Telehandlers: Past, Present, and Future

In the construction industry, a person doesn't have to look very far to see innovative uses for traditional machines. What was once a novelty, telescopic handlers have become a common fixture on jobsites; and today, contractors envision broader applications for these machines. By looking back at trends impacting telehandlers, we can begin to speculate on the future of telehandlers in construction.

The past

The 1970s saw the beginning of what we now know as the telehandler. Back then, the biggest users of telehandlers were mason contractors, but selling “reaching forks” was difficult, as jobs were typically set up to load scaffolding from one side. Convincing contractors that placing material directly behind workers would more than make up for the 25% higher cost of the machine didn't happen overnight.

In those days, the standard lift height was 30 feet with up to 42 feet available only as an option on 8,000-pound machines. Because contractors were unfamiliar with the equipment and potential applications, telescopic handlers were limited more by conventional thinking than by actual machine specifications.

During the 1980s, increasing labor costs encouraged broader utilization by masons, framers, and general contractors made available through AED-type distributors and large national rental centers, such as Hertz and Prime Equipment. This decade saw the emergence of the 5,000- and 10,000-pound machines as contractors began to find uses outside of conventional forklift applications.

The cost of labor sent the need for these material handlers to its highest level in the 1990s when manufacturing volumes doubled then tripled. The telescopic handler had become a fixture on jobsites, often being the first machine to arrive and the last to leave. Likewise, multiple machines working a single job was not an uncommon sight.

Lift height soared to 55 feet, but was replaced by forward reach as the most important criteria in machine selection. As such, there came a greater interest in equipping machines with different attachments, such as truss booms, winches, light material buckets, sweepers, and augers, making these already versatile machines even more so.

Distribution of telehandlers changed dramatically in the 1990s as national distributors and rental centers consolidated. Rental fleets grew much larger to accommodate the needs of contractors. During this time, machines purchased for rental outpaced direct sales to contractors in excess of 10 to 1.

The present

Today, with the number of distributors of telehandlers shrinking, parts and service outlets are as rare as hen's teeth. Compounding the problem, large national rental companies tend to offer few services to end users. As product support becomes a thing of the past, many contractors have been forced to hire service technicians to keep their own machines operating. Contractors can no longer depend on the facility that sold them the telehandler to come repair it, much less stock parts locally for it. Even as their need for telehandlers grows, contractors face greater difficulty keeping their machines operating.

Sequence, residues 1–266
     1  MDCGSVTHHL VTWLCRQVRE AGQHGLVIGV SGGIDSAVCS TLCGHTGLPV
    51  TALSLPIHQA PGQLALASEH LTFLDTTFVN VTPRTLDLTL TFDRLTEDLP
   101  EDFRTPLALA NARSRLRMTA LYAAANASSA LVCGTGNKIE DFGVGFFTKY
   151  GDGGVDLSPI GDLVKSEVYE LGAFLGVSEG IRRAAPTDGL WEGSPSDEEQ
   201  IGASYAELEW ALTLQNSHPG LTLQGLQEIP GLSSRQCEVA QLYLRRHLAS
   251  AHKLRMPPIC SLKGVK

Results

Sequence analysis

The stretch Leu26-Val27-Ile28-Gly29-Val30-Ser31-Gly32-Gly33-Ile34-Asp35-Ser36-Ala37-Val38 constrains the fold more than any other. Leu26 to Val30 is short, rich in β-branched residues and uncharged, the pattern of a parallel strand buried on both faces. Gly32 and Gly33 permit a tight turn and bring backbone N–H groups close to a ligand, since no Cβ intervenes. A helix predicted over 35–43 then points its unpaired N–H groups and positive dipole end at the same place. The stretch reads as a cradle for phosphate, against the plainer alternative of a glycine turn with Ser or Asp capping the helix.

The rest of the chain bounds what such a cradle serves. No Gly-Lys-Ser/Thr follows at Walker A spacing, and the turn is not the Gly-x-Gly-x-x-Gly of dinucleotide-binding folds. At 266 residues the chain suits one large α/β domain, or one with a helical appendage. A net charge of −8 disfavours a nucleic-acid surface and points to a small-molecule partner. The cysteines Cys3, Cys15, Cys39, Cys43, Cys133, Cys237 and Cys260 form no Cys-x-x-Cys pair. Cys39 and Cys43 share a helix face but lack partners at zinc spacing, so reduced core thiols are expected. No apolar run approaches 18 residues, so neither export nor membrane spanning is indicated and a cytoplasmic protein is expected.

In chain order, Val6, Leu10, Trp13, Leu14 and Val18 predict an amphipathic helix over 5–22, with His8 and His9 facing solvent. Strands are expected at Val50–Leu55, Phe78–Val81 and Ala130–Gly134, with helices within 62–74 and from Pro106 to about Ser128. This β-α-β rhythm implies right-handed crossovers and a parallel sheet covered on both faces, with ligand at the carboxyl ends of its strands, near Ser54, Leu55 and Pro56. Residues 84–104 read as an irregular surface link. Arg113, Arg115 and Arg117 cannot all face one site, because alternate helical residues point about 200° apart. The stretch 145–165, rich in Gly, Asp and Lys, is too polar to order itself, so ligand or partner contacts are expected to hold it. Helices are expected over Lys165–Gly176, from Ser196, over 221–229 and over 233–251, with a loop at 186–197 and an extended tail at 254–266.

As a result, manufacturers are finding that they need to fill that void, which some are doing by providing greater dealer support.

The future

Product trends point to both larger and smaller telescopic handlers. In both cases, telescopic handlers will begin to impact other areas of construction at the expense of other types of equipment, including small cranes and skid steer loaders, respectively. The largest machines will find ways to off-load materials in a more precise manner by using boom transfer in conjunction with rotation.

The popularity of compact machines has a lot to do with the ability to add reach to the vast assortment of common quick-attach components already available on the market. Combine this versatility with a three-point rear hitch that allows the machine to operate as a utility tractor to run mowers, side rakes, backhoes and any other PTO-driven attachment; and you have a machine that utilizes both ends to get work accomplished. With this in mind, the compact telehandler will surely be the machine of the next 20 years.

In general, the more uses that can be found for the machine to perform the better its return on investment will be for contractors and rental fleet owners.

Although telehandlers and their distribution have changed over the years, the need for product support, as well as parts and service, has not. All things being equal, the manufacturer that supports its machines for end users will be the company that prevails in the marketplace. As the number of competitors from both North America and Europe continues to increase, all manufacturers should be vying for that top spot in the service and support category.

Likewise, end users trying to make a buying decision • for both new and used equipment • will more likely consider the availability of parts and service. Note that the value of used equipment is much greater where parts and knowledgeable service is available at the local level.

Versatility and acceptance into broader applications will continue to position telescopic handlers as time and money savers for owners. But without a good foundation of service and support, that potential cost savings could disappear into thin air.

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About the Author: 

James Hoogervorst

James E. Hoogervorst, “Hoogie”, has been promoting telescopic handlers for 37 years, with a career that began in the 1970s at Loed (which later became Gradall). In the 1980s and '90s, he worked for Lull as General Manager and Vice President of Sales and Marketing. Following a brief retirement, in 2002 he became CEO of Highlift Equipment, which specializes in offering parts, service, and troubleshooting expertise of telescopic handlers. Again, after a short time away from the industry, he joined Pettibone as its west coast regional manager.